Increasing employee engagement while managing workplace stress and burnout
Khalid Asad, MS, PCC, Executive Coach
A growing body of research supports the connection between leadership behaviors and employee engagement, stress, burnout, and turnover. How you lead impacts employees' wellness and performance. Changes in how we work and our attitudes about work resulting from the pandemic have highlighted the need for organizations to address workplace wellness. Leaders and their teams have felt the effects of integrating their work and home lives, which blurred boundaries that once provided some semblance of balance between the two.
Disengagement, stress, and burnout appear to be at an all-time high. Generationally, 84% of Gen Zs report burnout along with 74% of Millennials and 47% of Baby Boomers (Forbes, 2022). And based on McKinsey research, 25% of Gen Zs, 13% of Millennials, 13% of Gen Xs, and 8% of Baby Boomers reported feeling emotionally distressed with low levels of...
What’s your favorite thing to do when you are not working? I love a great movie or eating a bowl of nutty coconut ice cream. Identify your favorite thing and reward yourself for having a productive week. Some of the benefits of rewarding yourself include:
Before wrapping up your day, take some time to reflect of how things went:
To determine if your week was productive, use the same reflective process as you did at the end of each day during the week. This will give you a broader sense of your overall productivity. Take this opportunity to think about your upcoming week and incorporate lessons learned in planning forward.
Check out the PPI Leadership Lounge on 12/3/21 for the next tip: Rewarding Yourself.
Depending on your role in your organization, you should be thinking and functioning at a higher altitude versus operating in the weeds. When you operate in the weeds, you may be literally disempowering someone else. Ask yourself, "Is this where I need to be?" or "Am I doing someone else's work?" Spending too much time in the weeds can prevent you from seeing things at a higher level or the bigger picture. Therefore, you are not leading from a strategic or systems perspective, and you reduce your chances of accomplishing the important goals you established for yourself or your team.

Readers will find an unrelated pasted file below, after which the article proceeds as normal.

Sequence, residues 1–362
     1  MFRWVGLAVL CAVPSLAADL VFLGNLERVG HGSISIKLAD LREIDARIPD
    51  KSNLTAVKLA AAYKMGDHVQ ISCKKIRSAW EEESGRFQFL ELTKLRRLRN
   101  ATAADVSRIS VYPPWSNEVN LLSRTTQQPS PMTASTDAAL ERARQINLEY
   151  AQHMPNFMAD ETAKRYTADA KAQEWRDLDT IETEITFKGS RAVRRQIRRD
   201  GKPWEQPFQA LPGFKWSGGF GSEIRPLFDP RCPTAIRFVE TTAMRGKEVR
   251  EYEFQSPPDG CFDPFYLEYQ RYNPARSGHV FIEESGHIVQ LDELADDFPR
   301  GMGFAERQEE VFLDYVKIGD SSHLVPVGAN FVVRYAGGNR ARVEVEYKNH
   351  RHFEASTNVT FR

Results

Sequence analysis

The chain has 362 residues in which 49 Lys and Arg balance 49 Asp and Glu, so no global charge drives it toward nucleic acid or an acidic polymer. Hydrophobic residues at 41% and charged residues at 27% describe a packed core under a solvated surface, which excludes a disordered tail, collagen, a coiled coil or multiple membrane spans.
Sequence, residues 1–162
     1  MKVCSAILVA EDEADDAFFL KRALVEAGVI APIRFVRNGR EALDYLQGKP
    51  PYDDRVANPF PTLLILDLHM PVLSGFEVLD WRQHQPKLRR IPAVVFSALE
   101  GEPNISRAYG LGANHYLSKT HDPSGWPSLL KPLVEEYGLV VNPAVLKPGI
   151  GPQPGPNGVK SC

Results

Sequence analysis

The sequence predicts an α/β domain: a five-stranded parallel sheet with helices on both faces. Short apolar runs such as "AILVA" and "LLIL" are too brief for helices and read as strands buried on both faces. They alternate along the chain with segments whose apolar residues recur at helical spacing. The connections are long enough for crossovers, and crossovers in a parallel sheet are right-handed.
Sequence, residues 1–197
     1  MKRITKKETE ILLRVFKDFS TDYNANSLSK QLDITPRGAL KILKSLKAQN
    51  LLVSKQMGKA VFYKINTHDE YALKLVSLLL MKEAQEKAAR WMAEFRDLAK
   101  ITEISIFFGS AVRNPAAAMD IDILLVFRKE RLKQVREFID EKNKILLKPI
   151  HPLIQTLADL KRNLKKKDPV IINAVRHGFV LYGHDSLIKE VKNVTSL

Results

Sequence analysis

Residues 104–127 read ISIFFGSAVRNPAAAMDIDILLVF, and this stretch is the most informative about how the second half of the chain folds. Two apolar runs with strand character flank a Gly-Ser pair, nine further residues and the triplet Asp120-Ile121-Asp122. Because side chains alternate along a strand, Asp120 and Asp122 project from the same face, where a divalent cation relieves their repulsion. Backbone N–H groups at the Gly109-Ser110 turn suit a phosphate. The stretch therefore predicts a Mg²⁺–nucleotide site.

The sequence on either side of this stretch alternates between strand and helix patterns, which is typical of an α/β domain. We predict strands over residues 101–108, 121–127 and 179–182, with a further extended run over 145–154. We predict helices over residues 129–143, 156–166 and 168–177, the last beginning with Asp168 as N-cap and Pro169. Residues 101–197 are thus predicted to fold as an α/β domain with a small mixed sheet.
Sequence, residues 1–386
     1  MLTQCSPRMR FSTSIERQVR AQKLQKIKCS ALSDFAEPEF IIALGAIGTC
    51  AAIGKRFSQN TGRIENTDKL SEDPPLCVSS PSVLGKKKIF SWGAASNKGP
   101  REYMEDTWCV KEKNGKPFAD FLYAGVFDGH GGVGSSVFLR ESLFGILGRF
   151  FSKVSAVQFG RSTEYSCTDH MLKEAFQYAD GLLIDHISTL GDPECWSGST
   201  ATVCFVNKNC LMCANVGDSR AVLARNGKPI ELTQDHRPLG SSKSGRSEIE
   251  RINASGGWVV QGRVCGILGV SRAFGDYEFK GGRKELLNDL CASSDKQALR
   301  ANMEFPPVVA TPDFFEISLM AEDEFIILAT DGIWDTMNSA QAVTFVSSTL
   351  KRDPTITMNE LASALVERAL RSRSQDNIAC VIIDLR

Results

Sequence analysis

In our effort to be productive, we may feel pressured to chain ourselves to our desk and press forward to get things done. This is not only unhealthy, it’s a recipe for stress, burnout, and failure. In a 2011 University of Illinois study, researchers concluded that the human brain’s attentional resources drop after a long period of...
Distractions (also called "Time Robbers") refer to anything that takes our focus away from our goals or the things we’ve identified as important. They can appear trivial or not time consuming, but the reality is they add to an enormous amount of wasted time. For example, social media can be very engaging as it allows us to connect with others or express ourselves. While there are benefits to engaging in social media, over-engagement throughout the day can distract us from our work and decrease our productivity. It may be helpful to schedule specific times you want to engage or impose time limits on your engagement. The first step in reducing distractions is to identify what distracts you and limits your productivity.
List up to three (3) things that distract you during the day and identify at least two (2) strategies for reducing each. At the end of the week, note any benefits you gained by reducing these distractions.
Check out the PPI Leadership Lounge on 12/1/21...
Have you ever reflected on your week and asked yourself “Did I get anything done?” if you answered yes, you’re not alone. Many leaders face this challenge as they are often pulled in multiple directions or spend much of their week working on "things" or putting out fires. As a leader, your productivity not only impacts you, but it also impacts your team and in some cases your entire organization.
Over the next several days, I’ll share seven powerful tips for having a productive week. As I share them, you may recognize the ones you currently practice and others in which you need to improve or that are most important to you and your unique situation.
This is a much different question from what do I want to do, which may lead to the trap of engaging in unfocused busy work that won’t contribute to your overall goals or the bigger picture. Asking what do I want to...